3A.6 Large-Scale Circulation and Climate Variability (Invited Presentation)

Monday, 8 January 2018: 3:30 PM
Salon F (Hilton) (Austin, Texas)
Judith Perlwitz, NOAA/ESRL/Physical Sciences Division, Boulder, CO; and J. P. Kossin, T. R. Knutson, and A. LeGrande

The causes of U.S. temperature and precipitation trends cannot be understood without considering the impact of changes in large-scale atmospheric circulation and assessing whether these circulation changes are externally forced or an expression of internal climate variability. Furthermore, changes in persistent atmospheric flow patterns that remain in place for an extended period of time (for example, blocking and quasi-stationary Rossby waves)—and thus affect a region with similar weather conditions like rain or clear sky for several days to weeks—can lead to changes in the frequency of occurrence and/or maginitude of extreme weather and climate events like flooding, drought, heat waves, and cold waves.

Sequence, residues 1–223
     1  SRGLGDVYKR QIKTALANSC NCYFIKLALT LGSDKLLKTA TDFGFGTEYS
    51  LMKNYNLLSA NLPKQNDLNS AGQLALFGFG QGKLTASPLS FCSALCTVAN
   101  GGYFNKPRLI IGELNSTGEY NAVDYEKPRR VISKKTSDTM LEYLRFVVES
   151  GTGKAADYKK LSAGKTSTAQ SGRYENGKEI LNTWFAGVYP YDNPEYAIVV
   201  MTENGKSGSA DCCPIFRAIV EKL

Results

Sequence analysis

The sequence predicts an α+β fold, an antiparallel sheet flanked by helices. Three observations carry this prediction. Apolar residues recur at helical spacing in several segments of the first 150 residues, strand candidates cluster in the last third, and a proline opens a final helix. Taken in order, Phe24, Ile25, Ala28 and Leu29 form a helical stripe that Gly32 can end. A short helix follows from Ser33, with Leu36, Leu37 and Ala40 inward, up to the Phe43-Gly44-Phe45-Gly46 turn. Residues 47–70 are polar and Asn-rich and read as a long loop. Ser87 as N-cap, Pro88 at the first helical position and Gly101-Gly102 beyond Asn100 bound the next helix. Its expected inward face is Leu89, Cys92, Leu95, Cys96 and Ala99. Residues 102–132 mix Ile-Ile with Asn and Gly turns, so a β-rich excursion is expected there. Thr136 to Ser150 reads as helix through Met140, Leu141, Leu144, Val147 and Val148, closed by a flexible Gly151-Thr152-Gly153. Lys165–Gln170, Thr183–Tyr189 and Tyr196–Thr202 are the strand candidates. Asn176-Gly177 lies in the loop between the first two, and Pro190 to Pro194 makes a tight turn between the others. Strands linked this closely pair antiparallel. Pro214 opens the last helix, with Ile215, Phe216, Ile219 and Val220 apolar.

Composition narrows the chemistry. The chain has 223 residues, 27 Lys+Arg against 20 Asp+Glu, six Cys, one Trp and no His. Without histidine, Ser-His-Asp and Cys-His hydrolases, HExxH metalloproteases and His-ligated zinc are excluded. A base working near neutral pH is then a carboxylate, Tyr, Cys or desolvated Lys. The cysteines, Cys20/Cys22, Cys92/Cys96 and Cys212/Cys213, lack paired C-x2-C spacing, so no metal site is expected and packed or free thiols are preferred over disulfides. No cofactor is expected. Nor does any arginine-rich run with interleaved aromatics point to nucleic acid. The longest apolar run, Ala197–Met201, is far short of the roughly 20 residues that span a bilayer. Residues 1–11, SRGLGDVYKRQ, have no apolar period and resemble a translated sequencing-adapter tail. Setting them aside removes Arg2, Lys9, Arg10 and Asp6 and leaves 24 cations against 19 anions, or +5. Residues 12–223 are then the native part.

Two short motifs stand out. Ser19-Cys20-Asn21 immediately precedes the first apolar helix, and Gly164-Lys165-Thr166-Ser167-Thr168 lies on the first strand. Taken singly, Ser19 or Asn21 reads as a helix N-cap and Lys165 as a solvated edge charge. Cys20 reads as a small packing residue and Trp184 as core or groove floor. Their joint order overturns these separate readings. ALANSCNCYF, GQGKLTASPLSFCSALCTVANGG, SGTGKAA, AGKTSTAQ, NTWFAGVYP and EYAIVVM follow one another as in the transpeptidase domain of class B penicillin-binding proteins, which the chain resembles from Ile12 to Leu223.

Modes of variability can affect the local-to-regional climate response to external forcing in various ways. The climate response may be altered by the forced response of these existing, recurring modes of variability and persistent flow patterns. Further, the structure and strength of regional temperature and precipitation impacts of these recurring modes of variability may be modified due to a change in the background climate. Modes of internal variability of the climate system also contribute to observed decadal and multidecadal temperature and precipitation trends on local to regional scales, masking possible systematic changes due to an anthropogenic influence. In this talk we summarize our current understanding on changes in global circulation, recurring modes of variability of the atmospheric circulation (like North Atlantic Oscillation and Pacific/North American Pattern), the coupled atmosphere–ocean system (like El Nino/Southern Oscillation), and persistent atmospheric flow pattern, and the contribution of human influence on these changes.

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